Numerous pirate groups are holding more than 350 hostages
A Russian warship is rushing to assist an oil tanker bound for China which has been hijacked by Somali pirates.
The Marshal Shaposhnikov was heading towards the Moscow University, which was attacked 900km (560 miles) off the Somali coast, officials said.
The 23 Russian crew on board are reported to have locked themselves in the ship's radar room.
But a BBC reporter says the Russian warship is unlikely to intervene as it could put the hostages' lives at risk.
Shots were fired at the 96,000-tonne tanker from two speedboats in the dawn attack, the ship's owner said.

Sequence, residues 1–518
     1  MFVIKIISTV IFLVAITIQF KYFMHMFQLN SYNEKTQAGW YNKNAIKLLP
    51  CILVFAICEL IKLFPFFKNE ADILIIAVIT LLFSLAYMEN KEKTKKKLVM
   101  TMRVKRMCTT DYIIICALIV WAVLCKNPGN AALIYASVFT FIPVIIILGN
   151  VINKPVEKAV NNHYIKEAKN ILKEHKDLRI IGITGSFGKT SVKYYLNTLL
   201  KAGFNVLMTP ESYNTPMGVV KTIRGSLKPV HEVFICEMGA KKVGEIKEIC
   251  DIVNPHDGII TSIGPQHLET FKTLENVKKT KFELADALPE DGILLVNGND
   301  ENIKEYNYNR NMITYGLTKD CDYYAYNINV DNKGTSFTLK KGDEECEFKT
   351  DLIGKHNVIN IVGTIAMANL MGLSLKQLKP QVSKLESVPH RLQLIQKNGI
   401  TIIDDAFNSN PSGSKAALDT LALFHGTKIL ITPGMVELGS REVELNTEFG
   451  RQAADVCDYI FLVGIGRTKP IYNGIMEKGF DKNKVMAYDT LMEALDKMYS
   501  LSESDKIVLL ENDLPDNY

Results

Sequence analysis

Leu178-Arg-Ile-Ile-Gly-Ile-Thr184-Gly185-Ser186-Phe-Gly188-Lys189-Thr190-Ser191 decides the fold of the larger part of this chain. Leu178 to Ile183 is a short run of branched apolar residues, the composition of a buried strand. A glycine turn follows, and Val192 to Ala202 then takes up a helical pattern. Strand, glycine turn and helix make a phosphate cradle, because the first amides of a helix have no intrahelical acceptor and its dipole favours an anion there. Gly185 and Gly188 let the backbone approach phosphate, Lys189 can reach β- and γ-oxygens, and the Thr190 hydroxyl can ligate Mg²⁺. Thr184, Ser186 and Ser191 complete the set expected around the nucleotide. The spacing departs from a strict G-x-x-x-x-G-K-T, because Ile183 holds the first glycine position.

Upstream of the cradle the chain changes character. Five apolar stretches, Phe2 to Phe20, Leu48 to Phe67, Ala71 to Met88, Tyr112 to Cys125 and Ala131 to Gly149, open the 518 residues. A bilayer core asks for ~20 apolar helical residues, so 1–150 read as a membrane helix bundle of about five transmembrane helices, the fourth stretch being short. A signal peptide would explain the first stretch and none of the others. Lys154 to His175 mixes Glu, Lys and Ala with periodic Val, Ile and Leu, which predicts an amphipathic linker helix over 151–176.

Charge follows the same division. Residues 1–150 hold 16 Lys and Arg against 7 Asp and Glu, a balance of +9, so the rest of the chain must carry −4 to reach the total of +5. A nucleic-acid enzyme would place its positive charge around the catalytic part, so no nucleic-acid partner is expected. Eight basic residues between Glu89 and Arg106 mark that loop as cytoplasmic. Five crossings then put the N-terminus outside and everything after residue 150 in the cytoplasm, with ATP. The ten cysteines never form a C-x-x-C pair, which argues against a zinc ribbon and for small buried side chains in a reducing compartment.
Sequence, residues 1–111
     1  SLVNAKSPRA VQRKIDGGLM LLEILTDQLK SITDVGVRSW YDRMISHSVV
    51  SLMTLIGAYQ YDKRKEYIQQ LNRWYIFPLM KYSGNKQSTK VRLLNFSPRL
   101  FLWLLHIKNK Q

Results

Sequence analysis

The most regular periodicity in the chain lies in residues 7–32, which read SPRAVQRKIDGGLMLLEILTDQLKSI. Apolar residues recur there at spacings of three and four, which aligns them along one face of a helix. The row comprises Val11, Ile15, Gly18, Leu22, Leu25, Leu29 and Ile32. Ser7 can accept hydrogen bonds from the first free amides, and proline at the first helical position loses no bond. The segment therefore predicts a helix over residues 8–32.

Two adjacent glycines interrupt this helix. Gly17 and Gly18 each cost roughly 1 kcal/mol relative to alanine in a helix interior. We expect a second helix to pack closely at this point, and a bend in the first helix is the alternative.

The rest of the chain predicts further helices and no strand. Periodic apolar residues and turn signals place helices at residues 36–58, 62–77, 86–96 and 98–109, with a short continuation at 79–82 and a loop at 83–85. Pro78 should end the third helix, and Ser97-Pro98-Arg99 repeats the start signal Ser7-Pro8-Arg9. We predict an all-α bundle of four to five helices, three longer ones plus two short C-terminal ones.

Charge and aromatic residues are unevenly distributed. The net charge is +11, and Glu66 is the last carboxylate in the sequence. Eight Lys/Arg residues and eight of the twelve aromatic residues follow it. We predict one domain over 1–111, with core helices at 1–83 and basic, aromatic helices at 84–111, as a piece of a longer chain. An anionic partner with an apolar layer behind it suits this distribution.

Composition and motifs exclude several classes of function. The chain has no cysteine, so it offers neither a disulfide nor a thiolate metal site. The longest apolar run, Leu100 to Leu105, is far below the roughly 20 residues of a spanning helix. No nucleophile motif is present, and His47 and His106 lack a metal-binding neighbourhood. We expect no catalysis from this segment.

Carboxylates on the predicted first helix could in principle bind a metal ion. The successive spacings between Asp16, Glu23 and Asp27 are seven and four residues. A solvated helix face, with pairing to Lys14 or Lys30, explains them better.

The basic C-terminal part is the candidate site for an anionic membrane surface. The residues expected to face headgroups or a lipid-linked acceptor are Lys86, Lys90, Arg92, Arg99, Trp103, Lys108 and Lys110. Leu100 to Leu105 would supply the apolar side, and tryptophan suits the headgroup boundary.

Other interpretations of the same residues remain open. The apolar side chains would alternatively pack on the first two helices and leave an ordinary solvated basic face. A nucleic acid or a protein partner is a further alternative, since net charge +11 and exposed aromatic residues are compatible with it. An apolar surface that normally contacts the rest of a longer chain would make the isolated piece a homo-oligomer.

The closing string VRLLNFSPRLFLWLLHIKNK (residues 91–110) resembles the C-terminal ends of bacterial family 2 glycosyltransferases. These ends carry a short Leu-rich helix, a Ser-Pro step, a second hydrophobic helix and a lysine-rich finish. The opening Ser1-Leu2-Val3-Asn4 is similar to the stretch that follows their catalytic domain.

The BBC's East Africa correspondent Will Ross says the oil tanker is a big prize for the pirates who, based on previous hijackings, are likely to release the cargo and crew only once a multi-million-dollar ransom has been paid.
While the international war ships have prevented some attacks in the Indian Ocean and the Gulf of Aden, it is widely felt that the solution to ending piracy is on land, he says.
Over the weekend an Islamic insurgent group took control of one of the main pirate bases on the Somali coast.
The pirates had already fled and our correspondent says is not yet clear whether this was part of a wider effort by the insurgents to stamp out piracy.
For now the pirates have moved towards other bases along the coast and at sea the hijackings continue, he says.
Numerous groups of pirates are currently holding more than 350 hostages as well as about 20 ships at various bases around the country.